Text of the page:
Young driver perceived risk and risky driving: A theoretical approach to the “fatal five”

Enduring potential influences on young drivers’ risky driving (e.g., the “Fatal five”), such as age and sex, cannot be changed. However, to inform interventions seeking to reduce young drivers’ risky behaviours, research may identify psychological variables that can be influenced. Coping and threat appraisal variables from protection motivation theory can assist understanding young driver decision making for risky driving. A sample of young provisional or open license Australian drivers (N = 601; aged 17–25 years, M = 20.0, SD = 2.3) anonymously completed an online survey measuring: (1) coping and threat appraisal for the Fatal five driving behaviours, (2) perceived risk of driving-related behaviours, and (3) violation subscales from the Behaviour of Young Novice Drivers Scale. Using path analysis, coping appraisal, threat appraisal, and perceived risk modelled both maladaptive and protective decision-making pathways applicable to young drivers when engaging in risky driving. Goodness-of-fit statistics supported both proposed conceptual models with reward, response costs, and perceived risk showing moderate associations with young driver reported risky driving. This novel adaptation of protection motivation theory assists understanding factors that may contribute to young driver engagement in risky driving (maladaptive pathway), and why young novice drivers may choose not to engage in risky driving (protective pathway). Applications and further implications of the models are discussed.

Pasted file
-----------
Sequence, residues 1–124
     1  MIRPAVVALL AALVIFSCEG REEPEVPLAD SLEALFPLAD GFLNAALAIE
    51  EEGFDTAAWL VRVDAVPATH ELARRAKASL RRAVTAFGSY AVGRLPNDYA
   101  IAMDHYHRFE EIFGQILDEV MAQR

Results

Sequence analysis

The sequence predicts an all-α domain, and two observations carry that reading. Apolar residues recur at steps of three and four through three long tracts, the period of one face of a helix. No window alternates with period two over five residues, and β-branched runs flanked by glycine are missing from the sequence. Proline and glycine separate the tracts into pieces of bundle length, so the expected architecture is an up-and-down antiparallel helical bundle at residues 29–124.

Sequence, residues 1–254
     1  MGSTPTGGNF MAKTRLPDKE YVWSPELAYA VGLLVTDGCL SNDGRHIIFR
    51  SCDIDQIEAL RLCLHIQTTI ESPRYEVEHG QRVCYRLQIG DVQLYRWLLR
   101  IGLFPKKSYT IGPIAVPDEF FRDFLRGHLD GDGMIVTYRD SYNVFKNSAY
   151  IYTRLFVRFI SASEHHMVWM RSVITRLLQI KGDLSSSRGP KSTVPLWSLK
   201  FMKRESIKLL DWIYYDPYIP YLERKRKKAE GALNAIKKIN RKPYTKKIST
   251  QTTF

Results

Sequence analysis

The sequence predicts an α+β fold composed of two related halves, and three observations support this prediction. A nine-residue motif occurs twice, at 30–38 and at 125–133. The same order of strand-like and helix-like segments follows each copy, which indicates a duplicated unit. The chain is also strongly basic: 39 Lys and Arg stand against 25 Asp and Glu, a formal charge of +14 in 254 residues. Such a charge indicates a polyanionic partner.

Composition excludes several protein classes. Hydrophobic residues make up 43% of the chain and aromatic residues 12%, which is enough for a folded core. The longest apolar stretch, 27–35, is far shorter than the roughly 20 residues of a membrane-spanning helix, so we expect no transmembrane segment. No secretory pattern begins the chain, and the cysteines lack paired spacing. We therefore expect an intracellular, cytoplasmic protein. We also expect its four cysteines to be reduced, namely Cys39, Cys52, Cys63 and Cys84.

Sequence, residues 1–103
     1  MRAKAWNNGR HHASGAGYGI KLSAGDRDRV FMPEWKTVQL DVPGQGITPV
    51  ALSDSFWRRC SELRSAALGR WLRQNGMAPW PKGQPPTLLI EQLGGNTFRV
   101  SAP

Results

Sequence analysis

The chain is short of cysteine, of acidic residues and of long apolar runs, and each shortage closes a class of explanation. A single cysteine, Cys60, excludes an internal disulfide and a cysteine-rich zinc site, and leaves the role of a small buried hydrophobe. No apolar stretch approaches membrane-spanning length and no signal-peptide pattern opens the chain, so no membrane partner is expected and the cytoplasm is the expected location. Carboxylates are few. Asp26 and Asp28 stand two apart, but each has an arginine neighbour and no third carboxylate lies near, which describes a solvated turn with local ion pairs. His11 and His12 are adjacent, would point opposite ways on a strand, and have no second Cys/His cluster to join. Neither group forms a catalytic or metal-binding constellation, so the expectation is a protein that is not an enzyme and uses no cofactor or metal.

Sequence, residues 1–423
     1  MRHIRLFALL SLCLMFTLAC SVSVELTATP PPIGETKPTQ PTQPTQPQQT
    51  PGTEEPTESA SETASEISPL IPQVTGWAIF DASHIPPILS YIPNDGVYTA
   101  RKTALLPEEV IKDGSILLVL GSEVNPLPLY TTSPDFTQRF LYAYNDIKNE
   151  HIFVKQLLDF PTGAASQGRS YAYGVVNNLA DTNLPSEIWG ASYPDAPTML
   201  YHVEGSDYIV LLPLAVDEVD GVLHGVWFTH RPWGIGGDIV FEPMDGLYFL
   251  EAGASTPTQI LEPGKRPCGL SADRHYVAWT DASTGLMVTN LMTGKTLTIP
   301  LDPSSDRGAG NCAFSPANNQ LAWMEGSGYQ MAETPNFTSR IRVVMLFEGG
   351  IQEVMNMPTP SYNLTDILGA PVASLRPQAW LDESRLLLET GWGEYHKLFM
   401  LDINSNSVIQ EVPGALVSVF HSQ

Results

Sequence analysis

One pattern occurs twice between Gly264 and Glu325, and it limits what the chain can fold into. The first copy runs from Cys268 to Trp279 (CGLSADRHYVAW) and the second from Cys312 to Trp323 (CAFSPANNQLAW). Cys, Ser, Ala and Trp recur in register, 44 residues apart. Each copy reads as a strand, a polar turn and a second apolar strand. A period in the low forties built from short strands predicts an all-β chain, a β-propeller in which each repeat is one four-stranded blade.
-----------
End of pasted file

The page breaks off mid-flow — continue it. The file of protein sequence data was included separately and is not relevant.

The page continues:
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  • Accession Number: 01675619
  • Record Type: Publication
  • Files: TRIS
  • Created Date: Jul 5 2018 3:06PM